In the topological approach to modeling the structure of minerals, polyhedra
such 
. 
as
tetrahedra, octahedra, and cubes are used to represent the coordination of
the 
. 
larger, close packed atoms around the smaller atoms nestled in their
interstitial voids. 
. 
Tetrahedra represent the AX_{4} coordination groups, octahedra
the AX_{6} groups, cubes 
the
AX_{8} groups, and so on. 
The relationship of coordination number to radius ratio represents an ideal
which 
. 
presumes that the larger close packed atoms remain in contact and are not
pushed 
. 
apart by the insertion of an atom that is too large for the size of their
void space. This 
. 
is
often not the case in reality and thus radius ratios can only serve as a
rough guide 
. 
to
the microstructure of an extended atomic framework. Fortunately there
is a range 
. 
of
radius ratios within which the coordination can still be accommodated if the
atoms 
are
permitted to deviate somewhat from a close packed arrangement (diamond being 
an
exceptional case of this). Notice that it is permitted for an
interstitial atom to be 
. 


Radius ratio 
Coordination number 
Type of void 
.225
 .414 
4 
tetrahedral 
.414
 .732 
6 
octahedral 
.732
 1.0 
8 
cubic 
. 


Table 4  Range of radius ratios for different coordination
groups of atoms 




slightly larger than the void it fills but not smaller than it. That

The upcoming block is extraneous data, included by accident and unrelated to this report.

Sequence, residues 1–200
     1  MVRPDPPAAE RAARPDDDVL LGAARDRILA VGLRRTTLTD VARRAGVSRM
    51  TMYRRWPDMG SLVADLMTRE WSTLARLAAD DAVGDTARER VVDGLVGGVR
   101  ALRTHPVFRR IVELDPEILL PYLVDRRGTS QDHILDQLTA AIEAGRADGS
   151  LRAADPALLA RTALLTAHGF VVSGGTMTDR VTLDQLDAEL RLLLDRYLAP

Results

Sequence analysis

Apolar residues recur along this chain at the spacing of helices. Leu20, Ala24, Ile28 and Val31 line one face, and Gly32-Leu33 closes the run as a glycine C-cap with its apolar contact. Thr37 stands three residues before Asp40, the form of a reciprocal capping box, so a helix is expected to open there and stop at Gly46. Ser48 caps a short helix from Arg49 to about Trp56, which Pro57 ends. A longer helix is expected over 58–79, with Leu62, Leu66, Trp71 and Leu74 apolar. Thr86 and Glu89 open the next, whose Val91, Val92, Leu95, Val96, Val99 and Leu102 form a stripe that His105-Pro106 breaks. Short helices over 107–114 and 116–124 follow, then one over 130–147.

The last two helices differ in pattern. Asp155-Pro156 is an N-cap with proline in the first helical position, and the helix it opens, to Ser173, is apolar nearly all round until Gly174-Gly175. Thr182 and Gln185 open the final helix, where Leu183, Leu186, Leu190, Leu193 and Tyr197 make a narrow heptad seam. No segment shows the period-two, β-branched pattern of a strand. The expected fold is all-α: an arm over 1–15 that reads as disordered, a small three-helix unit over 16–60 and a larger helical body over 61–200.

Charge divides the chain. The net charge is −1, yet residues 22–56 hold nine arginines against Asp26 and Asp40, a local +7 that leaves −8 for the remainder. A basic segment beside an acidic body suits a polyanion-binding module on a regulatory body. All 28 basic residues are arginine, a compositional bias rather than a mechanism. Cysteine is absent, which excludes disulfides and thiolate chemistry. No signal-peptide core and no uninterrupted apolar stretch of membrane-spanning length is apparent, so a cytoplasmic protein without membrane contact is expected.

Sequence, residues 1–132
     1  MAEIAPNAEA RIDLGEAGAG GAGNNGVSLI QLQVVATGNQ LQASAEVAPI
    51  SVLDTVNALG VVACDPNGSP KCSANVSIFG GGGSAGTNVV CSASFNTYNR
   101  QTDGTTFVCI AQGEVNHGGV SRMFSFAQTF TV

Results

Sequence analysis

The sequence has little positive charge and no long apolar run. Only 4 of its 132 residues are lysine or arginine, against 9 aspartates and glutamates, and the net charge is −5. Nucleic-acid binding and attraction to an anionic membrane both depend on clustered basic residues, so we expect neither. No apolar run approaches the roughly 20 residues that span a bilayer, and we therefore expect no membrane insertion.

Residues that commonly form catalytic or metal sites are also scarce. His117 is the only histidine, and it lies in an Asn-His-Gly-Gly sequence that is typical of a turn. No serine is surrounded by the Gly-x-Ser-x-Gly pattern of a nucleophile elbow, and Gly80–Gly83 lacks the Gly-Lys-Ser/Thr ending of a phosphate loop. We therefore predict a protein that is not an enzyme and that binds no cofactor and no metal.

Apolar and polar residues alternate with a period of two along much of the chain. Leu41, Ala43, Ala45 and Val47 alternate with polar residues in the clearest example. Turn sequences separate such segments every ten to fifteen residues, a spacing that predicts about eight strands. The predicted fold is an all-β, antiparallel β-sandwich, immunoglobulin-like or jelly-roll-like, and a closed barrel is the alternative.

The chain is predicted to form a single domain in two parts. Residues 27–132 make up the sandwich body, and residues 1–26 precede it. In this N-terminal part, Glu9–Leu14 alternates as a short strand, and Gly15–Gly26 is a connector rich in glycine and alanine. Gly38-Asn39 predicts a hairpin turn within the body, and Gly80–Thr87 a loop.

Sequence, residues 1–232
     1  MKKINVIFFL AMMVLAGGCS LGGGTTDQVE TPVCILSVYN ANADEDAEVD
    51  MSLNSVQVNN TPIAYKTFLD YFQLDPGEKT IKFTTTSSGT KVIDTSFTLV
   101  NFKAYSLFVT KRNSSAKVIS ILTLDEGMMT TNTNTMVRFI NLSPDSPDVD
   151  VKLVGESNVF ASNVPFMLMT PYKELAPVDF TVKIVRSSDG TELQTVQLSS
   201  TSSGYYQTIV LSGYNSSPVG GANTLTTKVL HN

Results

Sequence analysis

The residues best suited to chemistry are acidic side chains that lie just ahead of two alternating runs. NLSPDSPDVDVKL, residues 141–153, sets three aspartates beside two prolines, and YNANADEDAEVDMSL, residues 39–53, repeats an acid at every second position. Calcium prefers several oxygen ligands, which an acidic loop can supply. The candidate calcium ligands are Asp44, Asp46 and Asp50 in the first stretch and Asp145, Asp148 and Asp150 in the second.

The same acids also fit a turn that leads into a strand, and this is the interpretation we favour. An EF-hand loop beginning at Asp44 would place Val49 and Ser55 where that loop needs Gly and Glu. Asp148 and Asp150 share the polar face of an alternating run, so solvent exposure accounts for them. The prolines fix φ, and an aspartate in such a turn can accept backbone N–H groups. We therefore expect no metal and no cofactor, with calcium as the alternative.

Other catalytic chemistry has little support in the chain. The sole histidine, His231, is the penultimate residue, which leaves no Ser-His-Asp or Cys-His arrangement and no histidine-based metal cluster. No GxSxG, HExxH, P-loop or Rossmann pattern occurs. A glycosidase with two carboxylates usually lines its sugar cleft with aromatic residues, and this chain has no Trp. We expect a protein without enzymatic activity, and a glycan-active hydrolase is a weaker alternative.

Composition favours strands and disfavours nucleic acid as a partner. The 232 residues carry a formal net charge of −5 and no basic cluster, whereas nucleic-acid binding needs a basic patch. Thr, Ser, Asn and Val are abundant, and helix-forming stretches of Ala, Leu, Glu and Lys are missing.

is, in the vast majority 
of
cases the interstitial atom must remain in contact with the surrounding
close 
packed atoms and not "rattle" around loosely between them. 
This situation bodes well for the topological/polyhedral approach which is
meant 
to
model the coordinations of atoms not their absolute interatomic distances
or 
their specific radius ratios. Furthermore all general purpose atomic
modeling 
systems, all polyhedral models in general, and the Polymorf system in
particular 
depend on slight accommodations being allowed for structures that deviate
slightly 
from the ideal structure that is represented by the model. By adopting
this 
convention representative examples of the various mineral groups or
synthetic 
compounds whose structures approach the ideal can be modeled to show the
general 
type of structure characteristic of the group. It is understood that
individual members 
of
the group may deviate more or less from this ideal. 
In that spirit the models shown in this presentation are meant to be
representative 
of
general types of structures with the knowledge that deviations from the
ideal are 
more often the norm than the exception. 
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40  Structure matters  Atomic coordination